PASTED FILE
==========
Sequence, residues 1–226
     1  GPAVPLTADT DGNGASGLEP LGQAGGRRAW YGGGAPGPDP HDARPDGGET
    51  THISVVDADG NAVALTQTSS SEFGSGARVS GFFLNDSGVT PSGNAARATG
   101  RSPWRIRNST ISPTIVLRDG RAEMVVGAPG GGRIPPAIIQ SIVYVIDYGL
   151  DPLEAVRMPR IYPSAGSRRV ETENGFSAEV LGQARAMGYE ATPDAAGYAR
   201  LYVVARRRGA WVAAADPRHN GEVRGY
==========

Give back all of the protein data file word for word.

Sequence, residues 1–226
     1  GPAVPLTADT DGNGASGLEP LGQAGGRRAW YGGGAPGPDP HDARPDGGET
    51  THISVVDADG NAVALTQTSS SEFGSGARVS GFFLNDSGVT PSGNAARATG
   101  RSPWRIRNST ISPTIVLRDG RAEMVVGAPG GGRIPPAIIQ SIVYVIDYGL
   151  DPLEAVRMPR IYPSAGSRRV ETENGFSAEV LGQARAMGYE ATPDAAGYAR
   201  LYVVARRRGA WVAAADPRHN GEVRGY